How to Help Companies Meet Plastic Waste Commitments

Plastic pollution is a pervasive problem and since the world’s recycling systems are in chaos after China stopped accepting their waste there’s an urgent need for companies to step up their efforts to keep plastic out of landfills and natural environments.

WWF estimates as few as 100 companies have the potential to help prevent roughly 10 million metric tons of the world’s plastic waste pollution through industry, private sector and government collaboration. Which is why last year they launched ReSource: Plastic, an activation hub for corporations to collaborate and get the support they need to meet their corporate commitments on plastic waste.

Why This Matters: We’ve said this many times but recycling and plastic pollution prevention cannot merely fall on municipalities. Companies have to do their part to move away from virgin plastic, work to make packaging reusable, and keep plastic out of nature. In 2019 we saw a multitude of ambitious corporate commitments on plastic, 2020 will reveal whether these commitments are being kept and will also help pinpoint the specific challenges that have been encountered.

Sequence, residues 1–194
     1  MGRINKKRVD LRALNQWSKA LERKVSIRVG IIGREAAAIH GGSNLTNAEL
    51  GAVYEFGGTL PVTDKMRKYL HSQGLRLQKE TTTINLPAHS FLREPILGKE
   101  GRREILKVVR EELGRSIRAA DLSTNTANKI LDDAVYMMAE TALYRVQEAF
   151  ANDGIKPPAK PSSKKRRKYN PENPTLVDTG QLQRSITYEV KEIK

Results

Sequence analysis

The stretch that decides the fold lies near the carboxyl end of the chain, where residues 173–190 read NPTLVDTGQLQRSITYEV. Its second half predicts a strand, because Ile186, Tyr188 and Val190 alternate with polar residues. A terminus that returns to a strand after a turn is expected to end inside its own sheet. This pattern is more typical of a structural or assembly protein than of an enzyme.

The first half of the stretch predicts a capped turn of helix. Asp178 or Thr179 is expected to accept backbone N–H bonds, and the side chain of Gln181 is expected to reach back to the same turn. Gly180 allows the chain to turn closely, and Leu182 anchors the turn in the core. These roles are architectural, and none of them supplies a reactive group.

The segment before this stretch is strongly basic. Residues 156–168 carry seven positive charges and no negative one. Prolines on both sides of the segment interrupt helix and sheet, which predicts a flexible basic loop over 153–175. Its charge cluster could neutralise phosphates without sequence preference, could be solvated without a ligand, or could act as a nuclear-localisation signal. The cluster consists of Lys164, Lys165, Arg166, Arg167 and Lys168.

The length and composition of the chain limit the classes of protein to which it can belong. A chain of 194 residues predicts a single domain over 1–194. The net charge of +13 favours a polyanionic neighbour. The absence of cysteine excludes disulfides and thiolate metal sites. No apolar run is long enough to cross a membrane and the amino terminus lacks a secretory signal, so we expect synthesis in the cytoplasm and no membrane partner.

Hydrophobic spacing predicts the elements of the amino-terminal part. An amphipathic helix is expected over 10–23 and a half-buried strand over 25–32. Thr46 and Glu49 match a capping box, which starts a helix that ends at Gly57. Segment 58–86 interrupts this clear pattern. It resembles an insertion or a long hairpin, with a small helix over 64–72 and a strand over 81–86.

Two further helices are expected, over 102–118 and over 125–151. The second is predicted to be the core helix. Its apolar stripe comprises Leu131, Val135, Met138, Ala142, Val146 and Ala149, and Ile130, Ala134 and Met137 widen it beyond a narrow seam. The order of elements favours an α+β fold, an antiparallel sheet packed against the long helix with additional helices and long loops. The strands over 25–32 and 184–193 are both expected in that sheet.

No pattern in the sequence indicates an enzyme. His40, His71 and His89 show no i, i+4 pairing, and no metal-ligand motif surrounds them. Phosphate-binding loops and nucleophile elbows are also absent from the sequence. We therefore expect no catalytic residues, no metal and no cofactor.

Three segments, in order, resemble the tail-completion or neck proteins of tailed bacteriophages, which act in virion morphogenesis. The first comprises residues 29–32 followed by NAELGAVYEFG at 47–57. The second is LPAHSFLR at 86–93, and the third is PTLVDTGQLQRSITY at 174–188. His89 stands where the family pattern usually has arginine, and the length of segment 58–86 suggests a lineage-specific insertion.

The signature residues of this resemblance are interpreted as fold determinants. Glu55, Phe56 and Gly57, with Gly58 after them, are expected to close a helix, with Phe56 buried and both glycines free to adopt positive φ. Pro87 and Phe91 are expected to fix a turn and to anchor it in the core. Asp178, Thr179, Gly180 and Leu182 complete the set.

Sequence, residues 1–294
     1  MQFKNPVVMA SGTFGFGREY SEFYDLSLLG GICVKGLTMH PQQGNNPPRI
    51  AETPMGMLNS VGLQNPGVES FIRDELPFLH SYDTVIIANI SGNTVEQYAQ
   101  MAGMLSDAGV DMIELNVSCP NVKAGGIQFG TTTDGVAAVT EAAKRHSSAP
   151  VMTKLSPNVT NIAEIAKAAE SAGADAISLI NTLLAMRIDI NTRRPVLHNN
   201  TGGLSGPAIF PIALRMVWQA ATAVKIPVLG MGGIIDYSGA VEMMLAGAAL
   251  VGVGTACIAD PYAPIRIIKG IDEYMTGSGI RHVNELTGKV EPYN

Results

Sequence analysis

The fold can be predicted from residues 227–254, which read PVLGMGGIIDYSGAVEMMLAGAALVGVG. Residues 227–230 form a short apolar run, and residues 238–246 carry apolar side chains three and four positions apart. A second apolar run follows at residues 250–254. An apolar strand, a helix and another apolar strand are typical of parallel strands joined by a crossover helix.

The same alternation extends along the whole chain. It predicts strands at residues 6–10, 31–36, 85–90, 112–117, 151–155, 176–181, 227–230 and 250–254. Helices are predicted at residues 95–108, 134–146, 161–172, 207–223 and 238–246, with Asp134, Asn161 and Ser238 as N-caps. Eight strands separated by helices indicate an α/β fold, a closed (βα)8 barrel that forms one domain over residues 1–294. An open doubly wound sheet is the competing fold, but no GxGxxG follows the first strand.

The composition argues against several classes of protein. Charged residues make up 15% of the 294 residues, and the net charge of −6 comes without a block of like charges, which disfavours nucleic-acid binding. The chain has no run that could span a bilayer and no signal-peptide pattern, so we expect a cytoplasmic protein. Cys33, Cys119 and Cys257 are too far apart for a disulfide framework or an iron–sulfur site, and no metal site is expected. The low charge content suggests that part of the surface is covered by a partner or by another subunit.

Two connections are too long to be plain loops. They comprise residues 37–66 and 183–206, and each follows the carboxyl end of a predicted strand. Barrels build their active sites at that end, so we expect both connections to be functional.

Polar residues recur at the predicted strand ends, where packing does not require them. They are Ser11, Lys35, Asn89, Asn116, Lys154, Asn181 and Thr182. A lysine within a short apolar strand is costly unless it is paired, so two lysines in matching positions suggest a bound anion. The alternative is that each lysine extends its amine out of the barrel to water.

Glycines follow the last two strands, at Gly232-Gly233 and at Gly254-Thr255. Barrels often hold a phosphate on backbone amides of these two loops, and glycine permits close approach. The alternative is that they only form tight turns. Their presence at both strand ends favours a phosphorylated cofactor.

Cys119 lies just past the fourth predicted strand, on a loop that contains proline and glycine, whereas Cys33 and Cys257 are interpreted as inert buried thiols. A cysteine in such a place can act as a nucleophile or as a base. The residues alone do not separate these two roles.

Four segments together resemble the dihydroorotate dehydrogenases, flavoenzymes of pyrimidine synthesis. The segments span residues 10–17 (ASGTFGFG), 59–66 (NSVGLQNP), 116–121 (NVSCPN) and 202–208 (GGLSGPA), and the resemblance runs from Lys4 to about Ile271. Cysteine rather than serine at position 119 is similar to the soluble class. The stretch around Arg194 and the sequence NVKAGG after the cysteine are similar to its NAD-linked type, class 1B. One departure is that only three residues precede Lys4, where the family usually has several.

A Changing Landscape: In recent years the public has become far more aware of plastics pollution. This is evidenced by plastic straw and bag bans around the nation. This has also caused parties along the plastics value chain to work together to prevent plastic from making it into the environment.

As Utility Dive explained, plastic packaging manufacturers and companies that use packaging to house their products have become more vocal in maintaining that successful plastic waste solutions require collaboration among all players, including end users.

  • Consumers drive demand — including for recyclable products and recycled content in products — which prompts manufacturers to take action on reworking product designs.
  • That, along with material import restrictions from China and other countries, has resulted in a new wave of domestic recycling end market development.

The Missing Link: You can’t manage what you can’t measure and for companies to be able to reduce their plastic waste they have to better understand data and establish data-driven practices to prevent pollution. What’s different about ReSource is that it’s not another plastic commitment, its purpose is to provide metrics, data analysis, and a common language so that companies can standardize their commitments to things like plastics recycling, recycling innovation, and creating closed-loop systems for plastic items.

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